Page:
The article suggests that managers and organizations should play a part in the grieving process of employees. To do this, they have to increase their understanding of the grieving process. Traditional models of grief introduced the concept of grief work and the stages of grieving that an individual will go through (Kubler-Ross, 1969). This will affect how managers manage their expectations of the grieving employee’s behavior and performance. Meanwhile, current models of grief mentioned in the article highlight the positive impact of social support on grieving employees.
An employee has to divide his or her attention between grief work and other commitments (Stroebe, 1999) , thus he or she will cope better in the grieving process with support from a compassionate organization and caring managers. This support is reportedly crucial for the closure of the employee’s grieving process and to prevent the disenfranchisement of grief (Doka, 1989). The article also shows that work with a moral purpose can be intrinsically healing. While many grief models are covered in the article, it is beneficial to take a look at other perspectives of grief.
One example is Roberta Temes’ (1984) three stages of grief – numbness, disorganization, reorganization. Numbness is characterized by “mechanical functioning” of the griever and the withdrawal from social circles as a reaction to the shock of the loss. Next, disorganization is where the griever experience severe sorrow when reality sinks in and indulges in irrational actions. Lastly, reorganization is the adjustment to normal life after the loss. This may bear similarities to the other stage theories of grief but the main difference is that it is compulsory for the griever to advance through every stage in order.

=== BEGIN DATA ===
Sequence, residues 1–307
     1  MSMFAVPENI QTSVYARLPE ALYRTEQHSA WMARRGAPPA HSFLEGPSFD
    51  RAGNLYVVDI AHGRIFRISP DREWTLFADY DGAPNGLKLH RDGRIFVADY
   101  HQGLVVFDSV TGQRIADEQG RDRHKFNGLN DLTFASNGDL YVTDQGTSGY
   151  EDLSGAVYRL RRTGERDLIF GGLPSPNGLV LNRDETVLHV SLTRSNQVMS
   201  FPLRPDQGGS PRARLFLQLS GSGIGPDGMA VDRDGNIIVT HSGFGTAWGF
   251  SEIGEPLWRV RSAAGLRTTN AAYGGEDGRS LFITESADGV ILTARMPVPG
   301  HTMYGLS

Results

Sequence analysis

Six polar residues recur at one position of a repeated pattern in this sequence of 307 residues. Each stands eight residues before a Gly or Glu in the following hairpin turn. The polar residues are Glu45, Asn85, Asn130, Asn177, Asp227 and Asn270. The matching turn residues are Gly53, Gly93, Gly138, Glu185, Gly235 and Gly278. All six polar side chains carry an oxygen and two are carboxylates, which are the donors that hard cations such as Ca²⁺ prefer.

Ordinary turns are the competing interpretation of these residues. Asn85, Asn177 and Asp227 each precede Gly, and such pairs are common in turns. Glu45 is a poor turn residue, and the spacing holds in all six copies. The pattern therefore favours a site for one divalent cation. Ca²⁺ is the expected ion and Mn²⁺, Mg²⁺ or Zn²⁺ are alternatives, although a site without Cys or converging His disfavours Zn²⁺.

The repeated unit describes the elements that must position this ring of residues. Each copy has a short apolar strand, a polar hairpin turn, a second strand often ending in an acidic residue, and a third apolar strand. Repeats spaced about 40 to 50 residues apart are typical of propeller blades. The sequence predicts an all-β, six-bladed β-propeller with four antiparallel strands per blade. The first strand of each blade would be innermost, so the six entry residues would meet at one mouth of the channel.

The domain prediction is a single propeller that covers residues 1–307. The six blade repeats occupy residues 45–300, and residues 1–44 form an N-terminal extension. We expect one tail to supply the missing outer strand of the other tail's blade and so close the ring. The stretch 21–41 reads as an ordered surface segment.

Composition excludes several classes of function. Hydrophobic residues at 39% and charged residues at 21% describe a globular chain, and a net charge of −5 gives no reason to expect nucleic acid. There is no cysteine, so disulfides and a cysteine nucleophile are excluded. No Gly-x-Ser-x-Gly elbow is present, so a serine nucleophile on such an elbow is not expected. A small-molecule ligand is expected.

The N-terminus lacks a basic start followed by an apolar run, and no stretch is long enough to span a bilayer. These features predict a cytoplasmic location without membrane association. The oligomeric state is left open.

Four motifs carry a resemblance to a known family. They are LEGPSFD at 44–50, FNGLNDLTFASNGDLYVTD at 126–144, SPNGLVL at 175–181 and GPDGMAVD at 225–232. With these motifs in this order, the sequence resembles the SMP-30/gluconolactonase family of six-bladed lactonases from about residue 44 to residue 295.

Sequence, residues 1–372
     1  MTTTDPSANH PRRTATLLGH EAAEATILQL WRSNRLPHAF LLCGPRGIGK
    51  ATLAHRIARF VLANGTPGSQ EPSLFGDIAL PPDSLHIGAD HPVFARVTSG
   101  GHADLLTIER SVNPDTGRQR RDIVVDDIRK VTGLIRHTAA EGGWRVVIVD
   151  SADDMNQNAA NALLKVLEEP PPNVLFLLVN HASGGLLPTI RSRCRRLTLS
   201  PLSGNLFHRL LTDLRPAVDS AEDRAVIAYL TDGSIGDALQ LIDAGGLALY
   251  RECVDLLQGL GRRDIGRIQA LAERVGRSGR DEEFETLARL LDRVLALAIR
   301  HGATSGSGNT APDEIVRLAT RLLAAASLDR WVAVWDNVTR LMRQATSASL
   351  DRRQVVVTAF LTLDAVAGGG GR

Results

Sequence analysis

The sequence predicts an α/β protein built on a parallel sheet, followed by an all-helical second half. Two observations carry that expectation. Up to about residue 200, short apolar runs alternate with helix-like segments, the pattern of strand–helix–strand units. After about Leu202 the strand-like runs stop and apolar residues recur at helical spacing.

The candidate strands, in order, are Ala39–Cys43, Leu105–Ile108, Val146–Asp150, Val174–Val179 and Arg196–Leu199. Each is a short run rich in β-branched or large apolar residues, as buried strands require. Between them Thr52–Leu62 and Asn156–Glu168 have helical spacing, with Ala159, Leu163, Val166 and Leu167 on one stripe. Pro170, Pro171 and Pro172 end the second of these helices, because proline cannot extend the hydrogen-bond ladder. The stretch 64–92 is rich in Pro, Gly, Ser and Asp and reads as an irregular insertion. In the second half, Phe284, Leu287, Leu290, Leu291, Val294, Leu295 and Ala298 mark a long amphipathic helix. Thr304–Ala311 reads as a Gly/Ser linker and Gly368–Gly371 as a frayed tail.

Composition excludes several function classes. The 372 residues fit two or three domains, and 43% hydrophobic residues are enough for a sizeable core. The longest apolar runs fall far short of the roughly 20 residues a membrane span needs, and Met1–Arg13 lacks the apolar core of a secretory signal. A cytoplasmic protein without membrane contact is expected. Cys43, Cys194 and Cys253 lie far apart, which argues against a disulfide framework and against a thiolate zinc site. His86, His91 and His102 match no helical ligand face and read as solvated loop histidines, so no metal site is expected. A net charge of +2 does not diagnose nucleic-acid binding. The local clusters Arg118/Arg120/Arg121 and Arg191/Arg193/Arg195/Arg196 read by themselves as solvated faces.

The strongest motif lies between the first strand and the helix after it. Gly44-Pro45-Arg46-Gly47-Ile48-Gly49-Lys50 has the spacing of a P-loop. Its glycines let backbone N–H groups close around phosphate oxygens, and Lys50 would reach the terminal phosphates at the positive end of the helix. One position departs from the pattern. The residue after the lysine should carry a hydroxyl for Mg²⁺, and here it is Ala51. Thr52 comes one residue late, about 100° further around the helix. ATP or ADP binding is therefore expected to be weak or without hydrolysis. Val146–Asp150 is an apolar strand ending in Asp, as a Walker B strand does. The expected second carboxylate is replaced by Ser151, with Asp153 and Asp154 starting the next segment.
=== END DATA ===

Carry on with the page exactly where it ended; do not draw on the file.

Another perspective, which is backed by scientific research, is Bonanno’s (2002) four trajectories of grief:
- Resilience – The ability of adults to remain “relatively stable” when faced with loss.
- Recovery – A period of a few months where “normal functioning temporarily gives way to threshold or sub-threshold psychopathology”.
- Chronic dysfunction – A period lasting several years where there is “prolonged suffering and inability to function”.
- Delayed trauma – “Distress and symptoms” are experienced a few months after adjustment to the loss. Bonanno’s (2010) research proofed that majority of the people falls into the ategory of being resilient.
It boldly rejected the Kubler-Ross model and the concept of grief work by Freud, which underestimates the resilience innate in humans. It shows that it can be healthy for an individual faced with a recent loss to not display any signs of grief. This affects managers as they do not have to be overly concerned when an employee deviates from the expected grieving behaviors outlined in the traditional models of grief. One area for concern is the fact that Hazen has included numerous studies and views of many reputable grief experts but failed to include the works of Bonanno which does not support her arguments.